FIG. 3 is a circuit diagram of the power supply turning-on circuit 1.

As shown in FIG. 3, when the potential of the VDD rises from zero, the potential of node PG is determined by the ratio of two resistances RA, RB. The potential of the PG rises as the potential of the VDD rises. When the potential of the VDD has risen until the VDD-PG potential difference has risen just beyond the threshold value of the PMOS transistor, the transistor becomes conductive, bringing the output VDDMIN into a high state. When the potential of the VDD has dropped and the VDD-PG potential difference has dropped below the threshold voltage of the PMOS transistor, the output potential VDDMIN goes low, since the potential of the output node VDDMIN is discharged via a resistance element RC. This makes it possible to sense that the power supply voltage VDD is higher than a certain voltage.

The start sequence control circuit 7 controls the order in which the VPP power supply circuit 2 and VINT power supply circuit 3 are started. In the embodiment, the start sequence control circuit 7 controls the start sequence in such a manner that the VINT power supply circuit 3 is started when the potential of, for example, the internal power supply VPP has become sufficiently high in potential after the start-up of the VPP power supply circuit 2.

The start sequence control circuit 7 includes, for example, a delay circuit 8. The delay circuit 8 delays the VINT starting signal. The starting signal VINT is delayed with respect to, for example, the starting signal VPP. This enables the VINT power supply circuit 3 to be controlled in such a manner that the VINT power supply circuit 3 is started after the potential of the internal power supply VPP has reached a sufficiently high potential, for example, 4V.

FIG. 4 is a circuit diagram of the delay circuit.

As shown in FIG. 4, the delay circuit is constructed by inserting a resistance element and a capacitance element in a train of inverters driven by the external power supply VDD. When the input changes from the high to the low level, the charge accumulated in the capacitance element is discharged via the resistance element, which lengthens the transfer time from the input to the output as compared with the transfer time in a configuration of only simple inverters. This realizes a delay in the transfer from the input to the output.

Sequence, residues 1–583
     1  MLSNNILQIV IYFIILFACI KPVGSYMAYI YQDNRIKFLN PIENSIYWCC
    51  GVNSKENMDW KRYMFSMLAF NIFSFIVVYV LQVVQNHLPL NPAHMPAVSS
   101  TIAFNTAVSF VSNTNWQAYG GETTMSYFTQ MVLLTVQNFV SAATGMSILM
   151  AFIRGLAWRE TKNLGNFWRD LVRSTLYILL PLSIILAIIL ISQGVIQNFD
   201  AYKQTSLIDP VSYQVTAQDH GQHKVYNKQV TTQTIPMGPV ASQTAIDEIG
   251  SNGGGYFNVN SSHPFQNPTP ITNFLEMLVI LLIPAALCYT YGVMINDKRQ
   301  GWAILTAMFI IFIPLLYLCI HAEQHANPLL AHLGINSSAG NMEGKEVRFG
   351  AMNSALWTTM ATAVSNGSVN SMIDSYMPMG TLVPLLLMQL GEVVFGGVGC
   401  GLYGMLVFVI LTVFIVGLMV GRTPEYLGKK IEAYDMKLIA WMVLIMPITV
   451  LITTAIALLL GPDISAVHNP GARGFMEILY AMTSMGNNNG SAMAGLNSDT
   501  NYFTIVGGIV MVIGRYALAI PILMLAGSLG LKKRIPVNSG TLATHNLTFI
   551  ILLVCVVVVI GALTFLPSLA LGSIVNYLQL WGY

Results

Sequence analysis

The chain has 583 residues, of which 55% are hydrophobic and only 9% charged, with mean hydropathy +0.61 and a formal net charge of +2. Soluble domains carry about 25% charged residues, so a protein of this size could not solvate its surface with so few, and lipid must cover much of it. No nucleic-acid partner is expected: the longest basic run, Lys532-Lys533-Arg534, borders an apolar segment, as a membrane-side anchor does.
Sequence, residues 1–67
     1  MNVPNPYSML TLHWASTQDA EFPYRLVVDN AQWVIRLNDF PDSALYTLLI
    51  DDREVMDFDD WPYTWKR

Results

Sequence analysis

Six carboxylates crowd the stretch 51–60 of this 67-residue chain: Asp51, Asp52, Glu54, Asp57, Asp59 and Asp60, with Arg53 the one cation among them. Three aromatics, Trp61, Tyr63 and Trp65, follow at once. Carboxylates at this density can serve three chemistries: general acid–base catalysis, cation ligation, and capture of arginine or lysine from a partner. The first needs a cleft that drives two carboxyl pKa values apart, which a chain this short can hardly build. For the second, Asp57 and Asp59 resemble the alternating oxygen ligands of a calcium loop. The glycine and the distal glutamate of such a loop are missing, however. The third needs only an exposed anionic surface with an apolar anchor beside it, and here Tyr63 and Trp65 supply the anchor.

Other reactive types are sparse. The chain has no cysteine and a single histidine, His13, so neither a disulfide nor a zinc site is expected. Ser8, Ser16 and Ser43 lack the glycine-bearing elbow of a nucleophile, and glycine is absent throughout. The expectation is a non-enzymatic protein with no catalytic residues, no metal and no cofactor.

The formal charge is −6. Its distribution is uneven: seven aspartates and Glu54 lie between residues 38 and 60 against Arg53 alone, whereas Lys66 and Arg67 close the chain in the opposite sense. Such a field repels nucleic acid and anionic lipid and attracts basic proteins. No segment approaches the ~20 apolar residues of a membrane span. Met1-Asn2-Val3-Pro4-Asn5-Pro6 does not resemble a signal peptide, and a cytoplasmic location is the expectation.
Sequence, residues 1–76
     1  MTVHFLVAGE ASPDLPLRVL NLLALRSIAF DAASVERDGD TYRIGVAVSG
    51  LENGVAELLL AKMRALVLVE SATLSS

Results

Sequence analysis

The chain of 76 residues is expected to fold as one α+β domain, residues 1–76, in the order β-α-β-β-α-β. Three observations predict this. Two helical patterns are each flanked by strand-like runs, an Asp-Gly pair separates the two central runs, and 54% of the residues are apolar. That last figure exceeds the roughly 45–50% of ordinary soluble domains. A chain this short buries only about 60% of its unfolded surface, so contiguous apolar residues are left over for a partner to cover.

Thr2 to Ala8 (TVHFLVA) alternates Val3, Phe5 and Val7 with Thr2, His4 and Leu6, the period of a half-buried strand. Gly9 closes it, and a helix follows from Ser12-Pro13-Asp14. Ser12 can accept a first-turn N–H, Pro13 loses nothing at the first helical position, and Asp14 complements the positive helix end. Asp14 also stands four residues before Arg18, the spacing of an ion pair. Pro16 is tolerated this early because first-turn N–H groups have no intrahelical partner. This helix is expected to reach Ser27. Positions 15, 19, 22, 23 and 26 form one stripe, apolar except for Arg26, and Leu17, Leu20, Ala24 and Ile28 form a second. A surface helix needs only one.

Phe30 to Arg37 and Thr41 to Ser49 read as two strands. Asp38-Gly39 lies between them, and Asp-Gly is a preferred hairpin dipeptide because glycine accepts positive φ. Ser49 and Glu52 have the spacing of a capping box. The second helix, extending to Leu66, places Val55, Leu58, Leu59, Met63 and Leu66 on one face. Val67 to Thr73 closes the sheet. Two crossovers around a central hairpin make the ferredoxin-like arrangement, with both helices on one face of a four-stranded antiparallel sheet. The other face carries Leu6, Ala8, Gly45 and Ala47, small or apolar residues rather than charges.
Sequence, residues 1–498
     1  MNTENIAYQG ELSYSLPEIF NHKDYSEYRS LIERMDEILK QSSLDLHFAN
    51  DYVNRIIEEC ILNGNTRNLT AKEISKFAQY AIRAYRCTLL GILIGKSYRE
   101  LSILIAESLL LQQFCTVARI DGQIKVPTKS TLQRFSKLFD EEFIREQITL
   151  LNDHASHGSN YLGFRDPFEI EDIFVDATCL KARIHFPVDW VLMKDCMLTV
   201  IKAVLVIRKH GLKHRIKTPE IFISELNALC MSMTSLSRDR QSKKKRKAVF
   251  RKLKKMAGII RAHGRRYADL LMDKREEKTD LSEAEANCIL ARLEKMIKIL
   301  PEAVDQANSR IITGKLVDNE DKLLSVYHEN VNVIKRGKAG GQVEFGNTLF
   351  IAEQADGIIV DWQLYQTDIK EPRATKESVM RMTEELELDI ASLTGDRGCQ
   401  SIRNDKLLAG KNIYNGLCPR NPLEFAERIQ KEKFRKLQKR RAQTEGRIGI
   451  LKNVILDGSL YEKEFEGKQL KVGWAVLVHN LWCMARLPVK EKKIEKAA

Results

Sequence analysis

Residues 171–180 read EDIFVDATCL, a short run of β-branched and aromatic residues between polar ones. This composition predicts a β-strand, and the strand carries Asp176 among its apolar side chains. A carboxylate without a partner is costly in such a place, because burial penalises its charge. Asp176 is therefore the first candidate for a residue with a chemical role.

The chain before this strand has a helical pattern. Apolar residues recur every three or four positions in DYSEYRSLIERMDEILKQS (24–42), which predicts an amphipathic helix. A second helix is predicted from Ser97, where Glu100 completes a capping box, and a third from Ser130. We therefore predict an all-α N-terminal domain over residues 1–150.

The VPP power supply circuit 2 is started on the basis of the VPP starting signal. The VINT power supply circuit 3 is started on the basis of the VINT starting signal coming by way of the start sequence control circuit 7. As a result, after the internal power supply VPP has reached a sufficiently high potential, the potential of the internal power supply VINT starts to rise as shown in FIG. 1.

The power supply turning-on circuit 1 senses that the external power supply VDD has been turned on and outputs a reset signal RST for a specific length of time. The reset signal RST is supplied to, for example, the timing control circuit 6 and potential amplitude converting circuit LS-R.

The time during which the reset signal is output is, for example, shorter than 1 millisecond after the power supply is turned on. During the time shorter than one millisecond, for example, the start-up of the VPP power supply circuit 2 and the VINT power supply circuit 3 is completed. The completion of the start-up means that the potential of the internal power supply VPP and VINT have reached their respective setting potentials, for example, VPP=4V and VINT=2.5V, which allows the ferroelectric memory cells arranged in the memory cell array to be accessed.

FIG. 6 is a circuit diagram of the potential amplitude converting circuit LS-R included in the ferroelectric semiconductor memory according to the first embodiment.

The potential amplitude converting circuit LS-R is one of the logic circuits included in the logic circuit group to which the internal power supply VPP is supplied.

In the potential amplitude converting circuit LS-R of FIG. 6, when the reset signal RST is at a high level, for example, RST=VDD, the potential of the output OUT is kept at the in-circuit ground potential GND, for example, 0V, regardless of the potential state of input IN. Consequently, even if the VINT power supply circuit 3 is not started and the state of the WL activating signal from the timing control circuit 6 is unstable, the WL activating signal input to the word-line control circuit 4 can be kept in the initial state. Thus, when the reset signal RST meets, for example, the equation RST=VDD, the potential of the WL activating signal input to the word-line control circuit 4 can be kept at a potential that brings the word lines into the reset state, for example, the potential of the gate of a cell transistor into the standby state, regardless of the potential of the WL activating signal from the timing control circuit.